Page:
Blue Diamond Almond Facts January-February 2023



Welcome to 2023! It’s hard to believe that 2022 is now in the past, and we are gearing up for a new and exciting year of almond farming. Before we know it, buds will push, blooms will open, and the proverbial saying of “there is no going back now” will be said by every grower throughout Blue Diamond’s nine districts. Since it’s getting close to bloom time most publications will talk about bloom time diseases like Brown Rot, Jacket Rot, and Shot Hole. I will talk about these briefly in this article, but since they will be discussed in other publications and meetings, I thought I would focus on the exciting topic of…budgets! I’m guessing I may have lost a few readers with that sentence because budgets are not exciting. They may seem daunting, but they are absolutely necessary for a successful operation.

Before we get to the budget let’s talk about spring diseases in almonds. In order to control the following diseases, you must be aware of the weather forecast. I know when I worked as a PCA, I always said during bloom time I also became a weatherman. Being prepared for a weather event is critical to the success of a fungicide application. The first spring disease that usually pops into people’s minds is brown rot. In an article written by Mitch Lies, where he interviews Jim Adaskaveg, a UC Riverside Professor and Plant Pathologist, Adaskaveg said brown rot “is the most prominent disease at bloom.” The disease does need moisture, but not much. Brown Rot can be present with little to no rain because there is moisture present in the flower itself. The next disease that I’ve seen become a little more prevalent in my area is jacket rot/green fruit rot. This disease, like many others, must have the right conditions to be present. Jacket rot usually appears later in bloom when the fungus effects the dropping petals, jackets, or other flower parts and because of the moisture they stick to the young almonds or leaves. It is most prominent in dense clusters of almonds because the falling plant material gets trapped in the cluster and can lead to the infection of the whole cluster. Shot hole is another common springtime disease but has become less of an issue over the years. It is usually easy to discover as it develops small reddish spots on the leaves, and typically has a dark spot in the center. These lesions can show up on other parts of the plant, but most people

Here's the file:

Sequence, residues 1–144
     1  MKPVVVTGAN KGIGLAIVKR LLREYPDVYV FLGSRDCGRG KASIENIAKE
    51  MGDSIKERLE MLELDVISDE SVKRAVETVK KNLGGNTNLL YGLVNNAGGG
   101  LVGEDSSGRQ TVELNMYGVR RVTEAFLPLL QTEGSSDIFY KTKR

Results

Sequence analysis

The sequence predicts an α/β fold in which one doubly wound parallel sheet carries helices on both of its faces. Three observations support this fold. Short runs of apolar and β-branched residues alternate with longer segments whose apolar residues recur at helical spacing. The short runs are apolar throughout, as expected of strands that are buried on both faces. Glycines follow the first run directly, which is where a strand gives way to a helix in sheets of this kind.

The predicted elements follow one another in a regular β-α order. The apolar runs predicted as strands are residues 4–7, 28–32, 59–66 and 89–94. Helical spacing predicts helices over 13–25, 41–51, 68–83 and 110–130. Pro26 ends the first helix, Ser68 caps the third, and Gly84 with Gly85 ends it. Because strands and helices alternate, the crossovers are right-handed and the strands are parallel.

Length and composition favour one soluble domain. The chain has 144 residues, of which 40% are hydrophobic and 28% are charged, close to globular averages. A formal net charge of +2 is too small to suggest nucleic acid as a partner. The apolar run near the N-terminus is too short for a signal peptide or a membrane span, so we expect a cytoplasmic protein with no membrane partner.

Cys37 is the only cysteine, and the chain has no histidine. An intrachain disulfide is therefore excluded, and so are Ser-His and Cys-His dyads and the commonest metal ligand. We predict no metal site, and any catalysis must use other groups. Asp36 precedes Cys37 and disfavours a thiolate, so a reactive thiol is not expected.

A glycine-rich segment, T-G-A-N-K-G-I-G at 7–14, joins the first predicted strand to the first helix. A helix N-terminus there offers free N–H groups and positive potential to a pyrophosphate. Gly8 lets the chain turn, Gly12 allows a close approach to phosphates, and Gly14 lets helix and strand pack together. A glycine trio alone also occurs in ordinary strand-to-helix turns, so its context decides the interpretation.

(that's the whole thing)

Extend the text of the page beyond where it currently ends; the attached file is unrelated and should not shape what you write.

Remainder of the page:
discover it on the leaves. Jim Adaskaveg says shot hole “hasn’t been much of an issue over the past decade or longer, however, in large part, because fungicides used to control other diseases have kept it at bay.” The last bloom time disease I would like to shine light on is anthracnose. Like the other diseases, anthracnose is dependent on environmental conditions. Heavy moisture/rain along with warmer temperatures will lead to the development of the disease. Symptoms appear as blossom blight, fruit infections, and spur and limb dieback. Anthracnose is not a disease you want to get a foot hold in your orchard. It can have a multiple year effect because of the infection to spurs and limbs. Growers may have to prune out the infection, in combination with a strong fungicide program to eradicate it. The diseases that cause growers so many headaches at bloom have been identified, but how do we control them ? There are quite a few fungicides that growers can pick from. The main thing to keep in mind is to pick the correct fungicide for the disease you are trying to prevent and the correct timing of when to apply the fungicide. In Figure 1 you will see a chart of different diseases and time of an application. The chart is on a 0-3 scale with 0 being ineffective and 3 being most effective. This can help you target past disease issues. For example, a grower has had a history of high jacket rot infection, that grower can look at this chart and know they need protection at the full bloom timing.



Made with FlippingBook - Online Brochure Maker